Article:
The attached charts (.pdf files below) present the model-estimated amount of nitrogen and phosphorus reaching the Bay (also called “loads”) from various sources by major river basin and by political jurisdiction within each basin.

The figures also show the model-estimated amount of change from 1985, the baseline for measuring nutrient reductions. Negative percentages represent decreases, positive percentages represent increases.

These estimates come from the Bay Program’s Watershed Model, the tool used to estimate progress toward meeting nutrient goals. Like a giant accounting program, the model estimates the amount of nutrients expected to runoff from different land uses (nonpoint sources), then subtracts from that number the nutrient and sediment reductions expected from the implementation of various runoff control practices. The model then estimates the amount of nitrogen and phosphorus that would be expected to reach the Bay under “normal” river flow conditions from various land uses.

(Point sources, though, are actual figures from discharge monitoring.)

In reality, the actual loads to the Bay from runoff sources in 2003 were much higher than those shown here. That’s because 2003 was an unusually wet year, and high levels of rainfall drive more nutrients off the land and into waterways.

Also, the current model does not address “lag times” for nutrients that move through groundwater. Half of the nonpoint source nitrogen reaches streams through groundwater. On average, it takes about 10 years for groundwater to reach the stream, although the range is from hours to decades. As a result of this delay, nearly half of the nonpoint source nitrogen control actions taken today will be felt in the Bay only gradually, as the stored nitrogen slowly drains from the groundwater.

It is best, therefore, to think of these numbers as estimates of nutrient reductions that will occur in the Bay at some time in the future under “average” rainfall conditions.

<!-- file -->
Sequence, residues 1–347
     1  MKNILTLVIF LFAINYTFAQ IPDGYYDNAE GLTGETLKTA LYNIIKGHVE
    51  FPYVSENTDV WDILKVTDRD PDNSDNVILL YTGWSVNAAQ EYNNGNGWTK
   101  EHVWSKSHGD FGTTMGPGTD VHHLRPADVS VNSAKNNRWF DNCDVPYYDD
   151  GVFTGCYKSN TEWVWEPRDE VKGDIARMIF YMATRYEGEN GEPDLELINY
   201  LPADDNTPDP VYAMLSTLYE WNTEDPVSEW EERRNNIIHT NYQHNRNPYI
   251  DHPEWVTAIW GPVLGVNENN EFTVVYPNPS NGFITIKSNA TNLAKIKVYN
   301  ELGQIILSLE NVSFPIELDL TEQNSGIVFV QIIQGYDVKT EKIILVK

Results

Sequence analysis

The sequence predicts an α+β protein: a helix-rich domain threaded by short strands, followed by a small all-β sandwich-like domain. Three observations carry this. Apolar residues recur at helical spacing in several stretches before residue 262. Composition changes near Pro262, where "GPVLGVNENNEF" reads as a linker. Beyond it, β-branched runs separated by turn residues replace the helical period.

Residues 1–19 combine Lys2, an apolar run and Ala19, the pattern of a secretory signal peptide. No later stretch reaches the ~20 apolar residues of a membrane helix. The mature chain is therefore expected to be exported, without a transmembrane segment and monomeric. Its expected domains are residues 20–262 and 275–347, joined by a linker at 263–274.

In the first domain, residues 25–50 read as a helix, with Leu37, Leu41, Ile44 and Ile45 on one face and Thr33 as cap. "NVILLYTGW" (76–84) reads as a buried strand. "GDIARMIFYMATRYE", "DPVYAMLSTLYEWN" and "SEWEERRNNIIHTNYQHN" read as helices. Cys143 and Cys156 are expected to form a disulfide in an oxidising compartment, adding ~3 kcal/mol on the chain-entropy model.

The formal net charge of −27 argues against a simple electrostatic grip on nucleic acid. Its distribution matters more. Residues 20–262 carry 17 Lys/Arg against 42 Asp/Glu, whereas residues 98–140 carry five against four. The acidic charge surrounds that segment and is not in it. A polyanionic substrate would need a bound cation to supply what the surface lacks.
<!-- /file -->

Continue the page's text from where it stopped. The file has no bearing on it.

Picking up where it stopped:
What is more important than the absolute numbers is the relative size and direction of nutrient changes for various land uses in various places—are they going up or down, and by a lot or a little?

Observations

  • The model estimates that under normal rainfall conditions, nitrogen loads have decreased by 62 million pounds since 1985 (18 percent) while phosphorus loads have decreased by 8 million pounds (29 percent).
  • The greatest single source of nitrogen reductions since 1985 has come from the agricultural sector, which accounts for about 60 percent of all nitrogen reductions. The greatest single source of phosphorus reductions since 1985 has come from “point sources” such as wastewater treatment plants, which account for an estimated 58 percent of all phosphorus reductions.
  • Sharp reductions in nitrogen from point sources are seen in rivers where much of the flow from wastewater treatment plants has been treated with biological nutrient control technology. Point source loads are increasing in rivers where few plants use that technology, as population and waste flows increase.
  • Estimated nitrogen loads are increasing from septics as more development takes place beyond the reach of sewer systems.
  • Estimated nutrient loads from agricultural activities are declining because of the implementation of nutrient control practices and a decrease in agricultural land.